Since 2015, Now + There has been producing temporary and site-specific public art works. Signature projects have included Graft by Edra Soto, a set of sculptures at Central Wharf Park inspired by the artist’s cultural memory of Puerto Rico, her homeland, and Breathe Life by Rob “Problak” Gibbs, a mural on the South End / Roxbury border celebrating happiness, hope, Black identity, and kinship. Programs like the Public Art Accelerator and Lot Lab, an outdoor “laboratory and exploration zone” for contemporary public art, will continue to happen next year.

An artist stands by a fence in front of a colorful mural, in the neighborhood of Dorchester.

Rob “Problak” Gibbs in front of Breathe Life, 2017. Photo by G. Ortiz Photography for Boston Art Review.

An aerial view of two vibrant public art works, featuring green letters made from plant life, in the shape of a circle.

Aerial view of Now + There’s 2023 Lot Lab installation, including Massiel Grullón’s ground mural Knotical Waves and Ghada Amer’s Women’s Qualities. Photo courtesy of Boston Public Art Triennial.

Executive director Kate Gilbert said that the seeds of the Boston Public Art Triennial were planted during COVID, inspired by “being cooped up in our homes during the time of lockdown and watching people interact with public art and the works we already had up.” She hopes that, with a concentrated time frame and “a handle that people can put their minds around,” the festival can draw even more locals and further energize the city.

Those wishing to experience Now + There’s projects soon will be able to participate in this year’s Lot Lab, held in Charlestown Navy Yard. In June, the program will explore the theme of “Presence,” emphasizing concepts of gathering, community, and being present for one another. The project will feature the works of three artists, Matthew Okazaki, Ifé Franklin, and Hugh Hayden. While Hayden’s public art was created in 2022, the other two are new commissions.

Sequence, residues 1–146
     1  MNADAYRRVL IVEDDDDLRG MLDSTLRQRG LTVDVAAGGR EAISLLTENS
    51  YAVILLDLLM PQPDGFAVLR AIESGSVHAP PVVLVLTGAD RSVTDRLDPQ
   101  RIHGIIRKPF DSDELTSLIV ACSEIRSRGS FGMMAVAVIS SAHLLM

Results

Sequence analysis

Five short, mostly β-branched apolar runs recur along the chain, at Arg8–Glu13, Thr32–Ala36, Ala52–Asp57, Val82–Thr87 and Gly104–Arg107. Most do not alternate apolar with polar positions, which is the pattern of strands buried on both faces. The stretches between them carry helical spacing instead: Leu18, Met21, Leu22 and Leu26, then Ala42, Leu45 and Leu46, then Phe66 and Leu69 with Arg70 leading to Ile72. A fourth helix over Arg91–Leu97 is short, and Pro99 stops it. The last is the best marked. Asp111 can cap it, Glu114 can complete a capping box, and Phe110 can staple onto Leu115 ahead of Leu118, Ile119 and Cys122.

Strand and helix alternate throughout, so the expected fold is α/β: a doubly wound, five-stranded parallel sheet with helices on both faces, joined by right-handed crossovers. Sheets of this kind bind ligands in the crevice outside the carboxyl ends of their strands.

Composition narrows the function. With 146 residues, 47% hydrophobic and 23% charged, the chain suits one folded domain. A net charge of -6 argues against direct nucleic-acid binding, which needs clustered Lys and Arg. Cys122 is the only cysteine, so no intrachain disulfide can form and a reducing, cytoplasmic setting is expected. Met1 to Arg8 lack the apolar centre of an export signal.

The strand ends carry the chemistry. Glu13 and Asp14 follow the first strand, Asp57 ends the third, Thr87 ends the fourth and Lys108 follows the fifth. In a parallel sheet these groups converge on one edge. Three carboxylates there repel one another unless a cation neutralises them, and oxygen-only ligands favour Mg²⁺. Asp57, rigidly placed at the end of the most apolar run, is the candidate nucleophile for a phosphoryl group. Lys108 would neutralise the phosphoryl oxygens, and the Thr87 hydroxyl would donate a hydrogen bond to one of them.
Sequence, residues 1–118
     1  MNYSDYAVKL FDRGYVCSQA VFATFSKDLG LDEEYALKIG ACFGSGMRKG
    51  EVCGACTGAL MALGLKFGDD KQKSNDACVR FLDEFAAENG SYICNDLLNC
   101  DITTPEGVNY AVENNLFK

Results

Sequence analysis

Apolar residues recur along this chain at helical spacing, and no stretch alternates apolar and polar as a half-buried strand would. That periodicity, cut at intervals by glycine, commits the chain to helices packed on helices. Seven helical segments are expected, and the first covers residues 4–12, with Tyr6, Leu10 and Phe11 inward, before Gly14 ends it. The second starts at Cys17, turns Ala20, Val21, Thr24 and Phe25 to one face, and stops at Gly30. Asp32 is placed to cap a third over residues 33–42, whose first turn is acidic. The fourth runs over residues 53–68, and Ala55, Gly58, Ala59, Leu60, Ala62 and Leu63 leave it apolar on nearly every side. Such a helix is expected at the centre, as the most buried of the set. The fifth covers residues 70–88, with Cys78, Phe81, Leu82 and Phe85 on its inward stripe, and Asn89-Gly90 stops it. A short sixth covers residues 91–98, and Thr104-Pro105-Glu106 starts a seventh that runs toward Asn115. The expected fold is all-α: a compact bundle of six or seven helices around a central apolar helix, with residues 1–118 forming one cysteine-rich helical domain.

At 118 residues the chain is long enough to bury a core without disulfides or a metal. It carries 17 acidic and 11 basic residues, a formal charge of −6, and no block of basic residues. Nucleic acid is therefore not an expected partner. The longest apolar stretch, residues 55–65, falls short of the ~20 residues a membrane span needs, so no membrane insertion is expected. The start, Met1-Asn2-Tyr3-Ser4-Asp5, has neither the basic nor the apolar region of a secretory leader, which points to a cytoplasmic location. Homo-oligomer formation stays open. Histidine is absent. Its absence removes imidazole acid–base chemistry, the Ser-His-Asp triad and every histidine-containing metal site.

Gilbert said that she hopes the Triennial will help Boston become an even stronger public art destination. “We don’t have to play second fiddle to another city,” said Gilbert. “We have great institutions and great artists here, but we can also continue to host really thought-provoking and compelling exhibitions from outside artists.”

The full list of artists includes Beatriz Cortez (b. 1970, based in Los Angeles), Julian Charriére (b. 1987, based in Berlin), Adela Goldbard (b. 1979, based in Rhode Island and Mexico City), Stephen Hamilton (b. 1987, based in Boston), Cannupa Hanska Luger (b. 1979, based in New Mexico), Laura Lima (b. 1971, based in Rio de Janeiro), Ekene Ijeoma (b. 1985, based in Boston), Nicholas Galanin (b. 1979, based in Alaska) co-curated with MassArt Art Museum, Patrick Martinez (b. 1980, based in Los Angeles), Delcy Morelos (b. 1967, based in Bogotá), New Red Order (Adam Khalil, b. 1988; Zack Khalil, b. 1991; Jackson Polys, b. 1976; all based in New York; Kahilils from Watertown, MA), Gabriel Sosa (b. 1985, based in Boston), Lan Tuazon (b. 1976, based in Chicago), Swoon (b. 1977, based in New York). Three additional local artists will be selected to participate in the Triennial via an open call for the Triennial Accelerator program.

This article includes reporting by Shira Laucharoen, Jameson Johnson, and Jacquinn Sinclair